In both urban and rural contexts lack of access to knowledge resources, lack of tutoring and low engagement with government action were highlighted as barriers for youth engagement.

The British Council Sri Lanka has a number of projects planned as part of the Climate Connection programme. Youth engagement and our youth leadership programme will continue to remain the main vehicle for addressing climate change issues at the community level, bringing positive change to society at large. Through our overall scope of work in Sri Lanka in the Arts and culture, English, and education strands we aim to actively contribute to the National Action Plan for climate action at a policy level.

British Council Sri Lanka Country Director, Maarya Rehman said: “The climate emergency is the biggest crisis facing our planet so it’s no surprise that British Council research has found it’s the number one priority for young people the world over. I’m proud of the Sri Lankan young people that have put their signatures to our Global Youth Letter so far, calling on world leaders for urgent action. I hope that this sends a strong message about the importance of including youth voices in the climate change conversation.”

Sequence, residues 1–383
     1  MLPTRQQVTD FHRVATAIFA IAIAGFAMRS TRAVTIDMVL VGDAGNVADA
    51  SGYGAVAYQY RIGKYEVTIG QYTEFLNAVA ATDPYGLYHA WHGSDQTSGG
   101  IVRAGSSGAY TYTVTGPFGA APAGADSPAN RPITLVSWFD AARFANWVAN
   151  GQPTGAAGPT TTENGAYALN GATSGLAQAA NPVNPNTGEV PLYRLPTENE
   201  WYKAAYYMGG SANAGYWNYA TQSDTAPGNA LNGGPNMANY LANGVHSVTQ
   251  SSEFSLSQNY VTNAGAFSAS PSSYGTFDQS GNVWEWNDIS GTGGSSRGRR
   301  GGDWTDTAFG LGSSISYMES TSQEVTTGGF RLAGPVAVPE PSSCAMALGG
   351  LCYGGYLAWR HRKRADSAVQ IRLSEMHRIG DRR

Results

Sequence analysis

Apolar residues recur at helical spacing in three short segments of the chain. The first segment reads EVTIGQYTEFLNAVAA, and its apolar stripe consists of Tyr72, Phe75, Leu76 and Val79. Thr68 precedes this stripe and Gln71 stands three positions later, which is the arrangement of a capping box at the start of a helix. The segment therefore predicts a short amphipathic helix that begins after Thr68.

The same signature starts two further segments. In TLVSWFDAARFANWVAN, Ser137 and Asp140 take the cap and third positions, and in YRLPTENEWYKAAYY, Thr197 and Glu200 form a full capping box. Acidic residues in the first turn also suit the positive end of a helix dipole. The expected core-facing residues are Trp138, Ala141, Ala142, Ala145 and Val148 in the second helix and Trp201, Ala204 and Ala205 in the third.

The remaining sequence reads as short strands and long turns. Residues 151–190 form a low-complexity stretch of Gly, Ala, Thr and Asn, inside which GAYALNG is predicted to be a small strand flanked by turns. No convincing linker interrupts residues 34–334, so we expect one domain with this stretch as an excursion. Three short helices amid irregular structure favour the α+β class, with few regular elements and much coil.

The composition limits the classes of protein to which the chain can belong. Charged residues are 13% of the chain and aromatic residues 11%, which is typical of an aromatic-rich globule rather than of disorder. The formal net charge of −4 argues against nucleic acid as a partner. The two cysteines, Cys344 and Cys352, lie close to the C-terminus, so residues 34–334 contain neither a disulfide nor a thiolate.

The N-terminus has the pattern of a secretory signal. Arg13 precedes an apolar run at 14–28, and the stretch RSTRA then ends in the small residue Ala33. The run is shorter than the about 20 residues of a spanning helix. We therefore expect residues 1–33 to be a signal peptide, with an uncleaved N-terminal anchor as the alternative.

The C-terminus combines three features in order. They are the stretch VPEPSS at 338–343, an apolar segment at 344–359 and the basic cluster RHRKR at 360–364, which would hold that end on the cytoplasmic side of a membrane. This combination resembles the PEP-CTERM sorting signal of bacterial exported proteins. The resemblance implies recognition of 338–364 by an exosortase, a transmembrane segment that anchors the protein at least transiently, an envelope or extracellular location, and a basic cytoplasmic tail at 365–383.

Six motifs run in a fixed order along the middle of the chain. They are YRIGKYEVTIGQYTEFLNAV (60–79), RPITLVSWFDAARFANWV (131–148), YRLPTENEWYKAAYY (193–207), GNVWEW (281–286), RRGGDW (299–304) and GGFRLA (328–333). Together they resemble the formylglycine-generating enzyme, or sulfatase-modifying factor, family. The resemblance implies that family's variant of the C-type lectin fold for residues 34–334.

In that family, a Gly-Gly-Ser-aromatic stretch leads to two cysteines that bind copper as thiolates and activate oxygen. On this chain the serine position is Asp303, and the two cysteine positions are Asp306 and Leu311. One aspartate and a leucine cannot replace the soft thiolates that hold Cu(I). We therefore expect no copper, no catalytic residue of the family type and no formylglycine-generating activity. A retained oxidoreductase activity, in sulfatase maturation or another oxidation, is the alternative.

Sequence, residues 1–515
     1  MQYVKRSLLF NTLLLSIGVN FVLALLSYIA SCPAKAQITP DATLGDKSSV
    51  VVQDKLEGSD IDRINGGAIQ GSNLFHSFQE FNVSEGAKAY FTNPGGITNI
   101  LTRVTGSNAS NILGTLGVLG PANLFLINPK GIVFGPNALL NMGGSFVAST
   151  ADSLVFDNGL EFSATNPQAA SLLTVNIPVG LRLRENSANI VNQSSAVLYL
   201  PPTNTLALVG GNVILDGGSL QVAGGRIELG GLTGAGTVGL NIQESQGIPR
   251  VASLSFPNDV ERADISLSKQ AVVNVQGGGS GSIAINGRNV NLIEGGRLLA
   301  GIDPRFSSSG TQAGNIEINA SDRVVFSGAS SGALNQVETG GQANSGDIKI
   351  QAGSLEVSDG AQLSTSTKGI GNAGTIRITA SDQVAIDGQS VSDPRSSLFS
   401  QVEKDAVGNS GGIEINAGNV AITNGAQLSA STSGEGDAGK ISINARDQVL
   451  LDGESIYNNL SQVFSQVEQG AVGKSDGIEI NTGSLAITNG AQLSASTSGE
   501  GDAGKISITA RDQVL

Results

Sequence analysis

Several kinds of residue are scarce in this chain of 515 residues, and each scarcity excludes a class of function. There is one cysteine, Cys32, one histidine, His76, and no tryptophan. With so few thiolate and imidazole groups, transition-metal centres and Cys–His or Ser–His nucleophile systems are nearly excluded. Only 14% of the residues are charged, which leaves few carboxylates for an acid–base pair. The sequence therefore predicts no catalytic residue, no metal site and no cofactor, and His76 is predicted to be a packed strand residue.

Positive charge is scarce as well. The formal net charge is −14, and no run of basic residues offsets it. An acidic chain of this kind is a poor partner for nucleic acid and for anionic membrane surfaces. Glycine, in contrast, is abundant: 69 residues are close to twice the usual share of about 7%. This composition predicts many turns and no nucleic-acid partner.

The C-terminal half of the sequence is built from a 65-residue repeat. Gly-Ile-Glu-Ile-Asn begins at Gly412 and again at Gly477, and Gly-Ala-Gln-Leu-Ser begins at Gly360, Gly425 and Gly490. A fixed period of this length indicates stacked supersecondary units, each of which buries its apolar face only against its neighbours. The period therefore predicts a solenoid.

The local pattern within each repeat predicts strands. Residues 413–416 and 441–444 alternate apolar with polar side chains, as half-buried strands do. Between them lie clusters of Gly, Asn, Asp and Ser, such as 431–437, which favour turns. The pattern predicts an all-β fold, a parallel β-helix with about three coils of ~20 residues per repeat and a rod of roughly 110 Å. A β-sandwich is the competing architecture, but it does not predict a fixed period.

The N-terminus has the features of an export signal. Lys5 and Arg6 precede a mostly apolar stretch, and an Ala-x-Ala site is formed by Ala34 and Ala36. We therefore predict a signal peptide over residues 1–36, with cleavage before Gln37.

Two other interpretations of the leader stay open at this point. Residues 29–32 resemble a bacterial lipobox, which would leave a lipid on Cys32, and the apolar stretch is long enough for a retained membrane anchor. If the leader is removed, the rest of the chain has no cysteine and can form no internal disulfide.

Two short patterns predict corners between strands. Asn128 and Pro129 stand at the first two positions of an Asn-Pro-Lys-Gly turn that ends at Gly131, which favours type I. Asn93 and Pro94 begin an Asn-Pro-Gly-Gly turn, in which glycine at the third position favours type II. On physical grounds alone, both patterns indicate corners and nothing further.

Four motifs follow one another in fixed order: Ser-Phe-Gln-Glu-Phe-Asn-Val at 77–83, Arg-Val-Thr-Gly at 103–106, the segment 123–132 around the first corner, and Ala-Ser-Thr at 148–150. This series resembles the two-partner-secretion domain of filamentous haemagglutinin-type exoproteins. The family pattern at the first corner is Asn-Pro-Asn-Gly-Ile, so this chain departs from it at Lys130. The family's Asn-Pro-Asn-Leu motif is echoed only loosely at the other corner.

Kate Ewart-Biggs, British Council Deputy Chief Executive, said: “Our report reveals the untapped potential of young people around the world to contribute towards action on climate change. Young people are the leaders and influencers of tomorrow and it’s essential that we provide opportunities for their voices to reach government leaders and involve them in the policy decisions that will impact their futures. Through the British Council’s Climate Connection campaign, we are drawing on our expertise in education, the arts, cultural exchange, and the English language to help young people find innovative solutions to the biggest global emergency we face.”